I set my limit at around £80, after all the Etrex was bought in 2001 for £100, a bargain at that time, but it was clear that the GPS software hadn't really moved that far in 5 years, for just the basic functions.

The Geko 101 (£80+) lacked pc connection, the 201 (£110+) and 301 (£150+) models had a pc link, the altimeter and electronic compass on the 301 making it the most expensive of the trio.

A quick Google search for the UK found a huge difference in prices, so off to E-Bay to see how cheap they could be.

The interesting point was that most of the E-Bay low tech units were either outdated bricks, or were being sold due to model upgrades. Looking at some of the items on offer I couldn't really see the reasoning behind that, most looked to be unused in the first place. Why upgrade? But more of that in a bit.

A week chasing 201 auctions, within my budget, brought nothing but I noticed that the 301 attracted less bids, probably for exactly the same reasons that led to me chasing the 201 myself. So I shifted viewpoint and bagged a hardly used 301 for £85 ( A bargain - current Argos price £189)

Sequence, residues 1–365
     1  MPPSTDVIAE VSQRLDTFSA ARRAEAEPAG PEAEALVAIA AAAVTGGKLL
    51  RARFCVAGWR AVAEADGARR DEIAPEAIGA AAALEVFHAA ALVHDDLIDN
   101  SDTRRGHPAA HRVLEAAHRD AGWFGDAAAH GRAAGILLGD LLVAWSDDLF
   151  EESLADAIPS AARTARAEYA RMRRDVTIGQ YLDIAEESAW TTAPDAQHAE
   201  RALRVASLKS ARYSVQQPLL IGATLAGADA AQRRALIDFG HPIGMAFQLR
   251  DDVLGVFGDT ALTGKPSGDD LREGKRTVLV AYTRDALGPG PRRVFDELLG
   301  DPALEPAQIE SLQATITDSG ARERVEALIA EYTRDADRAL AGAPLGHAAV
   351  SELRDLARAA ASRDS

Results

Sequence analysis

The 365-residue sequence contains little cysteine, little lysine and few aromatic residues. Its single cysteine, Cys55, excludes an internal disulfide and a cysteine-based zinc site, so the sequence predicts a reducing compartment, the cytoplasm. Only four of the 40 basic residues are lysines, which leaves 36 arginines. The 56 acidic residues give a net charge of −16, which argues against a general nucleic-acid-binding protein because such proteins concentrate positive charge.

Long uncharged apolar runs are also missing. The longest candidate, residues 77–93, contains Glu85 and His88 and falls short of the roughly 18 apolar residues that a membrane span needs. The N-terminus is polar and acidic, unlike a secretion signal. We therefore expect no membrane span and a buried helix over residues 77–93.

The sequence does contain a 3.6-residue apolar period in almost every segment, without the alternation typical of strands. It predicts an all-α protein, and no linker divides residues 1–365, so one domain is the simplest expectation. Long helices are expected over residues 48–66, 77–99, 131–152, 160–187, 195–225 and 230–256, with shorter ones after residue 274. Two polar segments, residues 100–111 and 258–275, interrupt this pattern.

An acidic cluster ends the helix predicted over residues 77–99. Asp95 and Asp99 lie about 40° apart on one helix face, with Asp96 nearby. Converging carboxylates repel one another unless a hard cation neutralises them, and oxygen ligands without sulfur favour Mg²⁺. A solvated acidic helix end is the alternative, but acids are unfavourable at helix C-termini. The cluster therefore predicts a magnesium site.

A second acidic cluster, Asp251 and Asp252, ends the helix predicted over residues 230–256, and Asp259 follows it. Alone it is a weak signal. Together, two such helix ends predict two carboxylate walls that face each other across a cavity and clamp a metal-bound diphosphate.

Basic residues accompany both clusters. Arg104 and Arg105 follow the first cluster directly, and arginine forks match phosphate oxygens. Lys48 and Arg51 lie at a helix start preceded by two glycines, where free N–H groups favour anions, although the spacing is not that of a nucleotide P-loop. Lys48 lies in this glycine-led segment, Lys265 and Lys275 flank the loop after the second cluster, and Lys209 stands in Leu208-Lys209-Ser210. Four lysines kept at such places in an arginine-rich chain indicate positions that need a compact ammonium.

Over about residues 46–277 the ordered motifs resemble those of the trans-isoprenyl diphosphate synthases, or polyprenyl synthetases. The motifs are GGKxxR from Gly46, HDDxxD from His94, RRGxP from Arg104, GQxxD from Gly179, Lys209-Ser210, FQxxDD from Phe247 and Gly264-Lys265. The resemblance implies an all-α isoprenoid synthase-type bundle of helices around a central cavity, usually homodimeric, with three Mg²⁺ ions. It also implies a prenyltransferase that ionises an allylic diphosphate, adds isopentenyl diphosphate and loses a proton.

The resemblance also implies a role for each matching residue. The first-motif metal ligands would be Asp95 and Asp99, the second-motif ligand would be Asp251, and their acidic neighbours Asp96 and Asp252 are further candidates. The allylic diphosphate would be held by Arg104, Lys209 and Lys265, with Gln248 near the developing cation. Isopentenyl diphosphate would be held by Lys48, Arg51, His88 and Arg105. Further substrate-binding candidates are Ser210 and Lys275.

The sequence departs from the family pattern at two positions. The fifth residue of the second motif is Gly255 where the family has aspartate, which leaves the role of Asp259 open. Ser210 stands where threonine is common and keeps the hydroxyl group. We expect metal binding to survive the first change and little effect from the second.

The unit is about the size of a small mobile phone, weighs less, and runs on 2 AAA batteries. The only useless function is the games on it (yes you read that correctly). Games? What bright spark in Garmin's marketing dept thought that one up!

And my experience since? I'd now prefer not to go on the hill without the 301 because it has become so useful. Not essential. Just my preference.

I have switched the auto-compass facility off (heavy battery use) but the altimeter means that alongside the Grid Ref, I have a reasonable elevation mark to help locate whereabouts on an ascent I am to save peering at the contour lines on the map (Apparently I can tell the weather with it as well, by use of the barometric pressure differential, but that involves further unit fiddling before setting off each day so let's leave that out for the present. Too much work and the weather will do what it will despite my GPS)

After each day's walking I now record my mileage/average speed and also the ascent/descent (never an issue before - after all I'd just walked it all) but it's somehow gratifying to see the day's journey marked out so clearly.

It's still a support tool for the map & compass, but a couple of times in thick cloud it's been a handy second opinion for my route finding, removing that element of doubt that can so easily discomfort me when travelling solo, my usual mode.

And therein lies the moral of this piece.

I'd bet 80% of GPS units bought for walking are never actually needed. Like the big name clothing they have become a fashion statement.
Mine is only ever used on trips over the fells across variable new ground. On a clear day I'll use it to record the journey, but the real work is still done with map & compass.